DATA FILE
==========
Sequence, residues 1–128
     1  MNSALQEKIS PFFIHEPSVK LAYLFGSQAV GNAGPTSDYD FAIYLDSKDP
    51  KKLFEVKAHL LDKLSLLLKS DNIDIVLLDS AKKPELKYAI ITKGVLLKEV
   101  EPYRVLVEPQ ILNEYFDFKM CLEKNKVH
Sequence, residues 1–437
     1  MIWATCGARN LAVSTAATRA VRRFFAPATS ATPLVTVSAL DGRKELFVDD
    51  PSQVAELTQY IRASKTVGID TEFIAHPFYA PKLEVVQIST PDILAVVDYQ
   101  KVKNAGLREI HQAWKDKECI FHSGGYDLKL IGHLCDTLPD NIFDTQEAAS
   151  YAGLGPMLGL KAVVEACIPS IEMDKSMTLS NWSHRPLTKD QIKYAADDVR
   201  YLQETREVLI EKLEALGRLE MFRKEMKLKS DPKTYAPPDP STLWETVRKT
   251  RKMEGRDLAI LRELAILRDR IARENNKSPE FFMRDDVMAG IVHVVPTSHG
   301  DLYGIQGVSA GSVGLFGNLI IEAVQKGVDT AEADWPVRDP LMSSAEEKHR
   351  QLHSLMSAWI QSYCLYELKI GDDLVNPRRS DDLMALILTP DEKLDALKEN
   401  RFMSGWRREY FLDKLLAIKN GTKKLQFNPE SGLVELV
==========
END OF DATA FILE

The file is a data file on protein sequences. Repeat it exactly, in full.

Sequence, residues 1–128
     1  MNSALQEKIS PFFIHEPSVK LAYLFGSQAV GNAGPTSDYD FAIYLDSKDP
    51  KKLFEVKAHL LDKLSLLLKS DNIDIVLLDS AKKPELKYAI ITKGVLLKEV
   101  EPYRVLVEPQ ILNEYFDFKM CLEKNKVH
Sequence, residues 1–437
     1  MIWATCGARN LAVSTAATRA VRRFFAPATS ATPLVTVSAL DGRKELFVDD
    51  PSQVAELTQY IRASKTVGID TEFIAHPFYA PKLEVVQIST PDILAVVDYQ
   101  KVKNAGLREI HQAWKDKECI FHSGGYDLKL IGHLCDTLPD NIFDTQEAAS
   151  YAGLGPMLGL KAVVEACIPS IEMDKSMTLS NWSHRPLTKD QIKYAADDVR
   201  YLQETREVLI EKLEALGRLE MFRKEMKLKS DPKTYAPPDP STLWETVRKT
   251  RKMEGRDLAI LRELAILRDR IARENNKSPE FFMRDDVMAG IVHVVPTSHG
   301  DLYGIQGVSA GSVGLFGNLI IEAVQKGVDT AEADWPVRDP LMSSAEEKHR
   351  QLHSLMSAWI QSYCLYELKI GDDLVNPRRS DDLMALILTP DEKLDALKEN
   401  RFMSGWRREY FLDKLLAIKN GTKKLQFNPE SGLVELV